Hong Kong exports fall 5.7 per cent as US-China trade war bites
- Exports shrink to HK$339 billion in July on same month last year, official city figures show
- Government says weakening economic growth globally and US-China relations have affected performance
Hong Kong trade started the second half of the year on a sour note, with exports tumbling 5.7 per cent in July year on year amid the deepening US-China trade war.
Exports shrank to HK$338.6 billion (US$43 billion) while imports fell 8.7 per cent, to HK$370.8 billion, compared with the same month last year, according to figures published by the Census and Statistics Department on Monday. This left a trade deficit of HK$32.2 billion in July.
Before the announcement of the trade figures, the benchmark Hang Seng Index plunged by as much as 941 points, or 3.59 per cent, on Monday before closing the day 499 points, or 1.91 per cent, lower at 25,680, as the deepening trade war between the two world superpowers caused market jitters.
On Friday, China hit back against the United States’ latest tariffs by levying 5 to 10 per cent on US$75 billion worth of American products, including soybeans, pork, and for the first time, crude oil.
China also reinstated the 25 per cent penalty duty on imports of US-made cars and vehicle parts, taking the total tariff to 40 per cent.
The latest move by Washington brings a tariff increase from 25 to 30 per cent into play on October 1, which is China’s national day, on US$250 billion worth of Chinese goods.
And the duty on another US$300 billion of Chinese goods will be raised from 10 per cent to 15 per cent starting from September.
Trump even warned that trade talks with China would be hampered if Beijing used violent means to crack down on the Hong Kong protests.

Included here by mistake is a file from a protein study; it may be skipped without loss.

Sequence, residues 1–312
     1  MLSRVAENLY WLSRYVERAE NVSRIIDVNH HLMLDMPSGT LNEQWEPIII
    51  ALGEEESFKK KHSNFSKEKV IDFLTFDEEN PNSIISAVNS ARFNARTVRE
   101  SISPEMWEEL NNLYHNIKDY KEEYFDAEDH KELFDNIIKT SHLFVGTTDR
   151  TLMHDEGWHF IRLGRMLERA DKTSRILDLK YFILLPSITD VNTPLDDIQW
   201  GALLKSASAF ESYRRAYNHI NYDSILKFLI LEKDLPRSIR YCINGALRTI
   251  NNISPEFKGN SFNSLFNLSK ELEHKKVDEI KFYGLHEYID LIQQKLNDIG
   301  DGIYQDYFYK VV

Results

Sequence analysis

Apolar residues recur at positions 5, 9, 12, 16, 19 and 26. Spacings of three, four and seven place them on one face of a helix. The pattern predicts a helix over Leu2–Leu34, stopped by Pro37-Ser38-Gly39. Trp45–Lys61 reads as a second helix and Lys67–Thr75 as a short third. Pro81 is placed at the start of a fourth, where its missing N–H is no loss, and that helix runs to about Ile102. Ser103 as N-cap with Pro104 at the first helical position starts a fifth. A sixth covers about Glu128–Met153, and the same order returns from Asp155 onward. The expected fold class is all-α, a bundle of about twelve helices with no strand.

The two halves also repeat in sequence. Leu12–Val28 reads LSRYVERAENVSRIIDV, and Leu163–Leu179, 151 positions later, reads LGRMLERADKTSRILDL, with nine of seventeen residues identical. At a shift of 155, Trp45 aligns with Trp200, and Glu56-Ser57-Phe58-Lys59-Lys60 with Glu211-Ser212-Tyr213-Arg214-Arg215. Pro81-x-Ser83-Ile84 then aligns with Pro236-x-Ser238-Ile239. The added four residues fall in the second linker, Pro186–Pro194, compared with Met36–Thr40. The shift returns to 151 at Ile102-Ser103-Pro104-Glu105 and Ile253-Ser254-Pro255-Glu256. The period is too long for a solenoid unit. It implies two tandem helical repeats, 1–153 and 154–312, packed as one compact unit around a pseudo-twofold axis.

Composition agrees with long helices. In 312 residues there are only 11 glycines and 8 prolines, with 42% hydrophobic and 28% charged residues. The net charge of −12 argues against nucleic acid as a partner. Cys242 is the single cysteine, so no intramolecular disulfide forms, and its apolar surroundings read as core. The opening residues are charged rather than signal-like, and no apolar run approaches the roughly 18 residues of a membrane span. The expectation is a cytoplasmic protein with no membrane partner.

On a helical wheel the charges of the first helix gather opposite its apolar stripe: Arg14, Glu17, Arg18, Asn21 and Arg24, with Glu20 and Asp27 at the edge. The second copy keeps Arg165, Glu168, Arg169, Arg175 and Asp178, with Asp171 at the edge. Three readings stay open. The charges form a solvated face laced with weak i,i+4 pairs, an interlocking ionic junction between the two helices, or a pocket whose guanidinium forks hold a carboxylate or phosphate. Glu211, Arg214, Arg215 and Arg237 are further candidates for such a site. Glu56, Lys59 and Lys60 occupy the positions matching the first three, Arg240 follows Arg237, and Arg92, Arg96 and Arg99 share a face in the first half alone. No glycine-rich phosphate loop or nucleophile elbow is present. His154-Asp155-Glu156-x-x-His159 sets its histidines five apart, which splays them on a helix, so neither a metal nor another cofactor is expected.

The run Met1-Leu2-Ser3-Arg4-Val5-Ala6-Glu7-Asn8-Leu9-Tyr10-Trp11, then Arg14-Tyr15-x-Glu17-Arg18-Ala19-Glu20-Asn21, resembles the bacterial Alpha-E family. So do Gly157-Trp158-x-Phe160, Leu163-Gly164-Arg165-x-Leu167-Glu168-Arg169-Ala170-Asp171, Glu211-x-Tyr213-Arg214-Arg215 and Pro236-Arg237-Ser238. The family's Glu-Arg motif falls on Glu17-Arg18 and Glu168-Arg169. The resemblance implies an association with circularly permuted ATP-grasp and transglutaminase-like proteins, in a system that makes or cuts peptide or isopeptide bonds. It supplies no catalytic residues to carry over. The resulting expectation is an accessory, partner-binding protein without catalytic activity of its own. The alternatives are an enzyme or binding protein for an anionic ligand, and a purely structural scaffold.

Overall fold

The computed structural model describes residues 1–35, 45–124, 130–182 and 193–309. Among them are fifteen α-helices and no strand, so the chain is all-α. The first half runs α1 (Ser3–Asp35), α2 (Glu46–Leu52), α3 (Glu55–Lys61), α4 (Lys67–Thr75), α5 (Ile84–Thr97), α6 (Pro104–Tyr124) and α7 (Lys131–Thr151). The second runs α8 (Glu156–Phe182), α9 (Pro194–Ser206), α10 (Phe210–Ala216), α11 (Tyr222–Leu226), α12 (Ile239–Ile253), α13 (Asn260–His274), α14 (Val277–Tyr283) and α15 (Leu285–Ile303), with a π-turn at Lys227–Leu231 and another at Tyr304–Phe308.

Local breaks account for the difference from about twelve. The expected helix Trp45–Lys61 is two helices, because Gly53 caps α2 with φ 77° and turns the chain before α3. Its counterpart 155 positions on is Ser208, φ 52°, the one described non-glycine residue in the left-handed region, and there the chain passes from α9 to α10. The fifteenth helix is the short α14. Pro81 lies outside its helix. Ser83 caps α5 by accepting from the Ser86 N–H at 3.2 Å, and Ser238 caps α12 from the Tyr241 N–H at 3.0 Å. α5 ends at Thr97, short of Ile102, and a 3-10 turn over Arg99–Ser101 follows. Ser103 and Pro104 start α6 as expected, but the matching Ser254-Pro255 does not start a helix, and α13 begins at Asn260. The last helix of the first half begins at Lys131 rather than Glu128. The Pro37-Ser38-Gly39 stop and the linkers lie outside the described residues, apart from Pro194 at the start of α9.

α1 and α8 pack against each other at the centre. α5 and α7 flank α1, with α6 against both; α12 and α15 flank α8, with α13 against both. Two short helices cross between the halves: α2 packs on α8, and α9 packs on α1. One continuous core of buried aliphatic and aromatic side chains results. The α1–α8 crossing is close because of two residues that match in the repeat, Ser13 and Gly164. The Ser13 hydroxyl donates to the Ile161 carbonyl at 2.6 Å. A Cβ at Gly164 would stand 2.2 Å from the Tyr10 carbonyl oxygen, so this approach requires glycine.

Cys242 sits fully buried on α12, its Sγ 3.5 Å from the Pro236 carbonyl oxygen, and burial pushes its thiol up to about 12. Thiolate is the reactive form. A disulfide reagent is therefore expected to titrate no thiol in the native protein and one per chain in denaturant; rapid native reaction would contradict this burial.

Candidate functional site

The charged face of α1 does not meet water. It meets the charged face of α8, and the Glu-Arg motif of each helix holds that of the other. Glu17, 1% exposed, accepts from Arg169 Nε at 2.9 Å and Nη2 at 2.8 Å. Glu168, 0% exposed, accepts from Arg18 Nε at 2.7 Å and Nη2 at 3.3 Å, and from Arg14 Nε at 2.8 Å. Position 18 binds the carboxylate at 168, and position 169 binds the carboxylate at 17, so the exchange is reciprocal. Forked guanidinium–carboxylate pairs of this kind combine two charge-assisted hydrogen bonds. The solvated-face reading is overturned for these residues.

Joe Chau Kwok-ming, president of the Hong Kong General Chamber of Small and Medium Business, said the city’s exports would keep rolling downhill during the rest of the year.
“I am pessimistic about the coming months,” he said. “The trade row has got worse and worse in the past week and tariffs are getting higher and higher.”
Chau said US importers bargained hard with Hong Kong exporters operating across the border especially as the yuan had sharply weakened against the US dollar. After the yuan dropped below the long-time support level of 7 per US$1 on August 5, the currency spot rate sank further against the dollar to 7.14 on Monday.
Although the Hong Kong government announced earlier this month it would offer relief measures to businesses and residents, Chau said these would provide only short-term support.
“The measures may quench the thirst immediately and temporarily,” he said. “Companies need time to open up new markets, which may take at least one or two years.”
In the first seven months, Hong Kong exports shrank 3.9 per cent while imports decreased 5.1 per cent year on year.
In July, Hong Kong exports to the US dropped 10.3 per cent, fell 13 per cent to Germany and 5.5 per cent to Asian markets compared with the same month last year.
In terms of commodities, exports of office machines and automatic data processing machines were down 8.7 per cent while telecommunications and sound recording and reproducing apparatus and equipment slipped 4.5 per cent.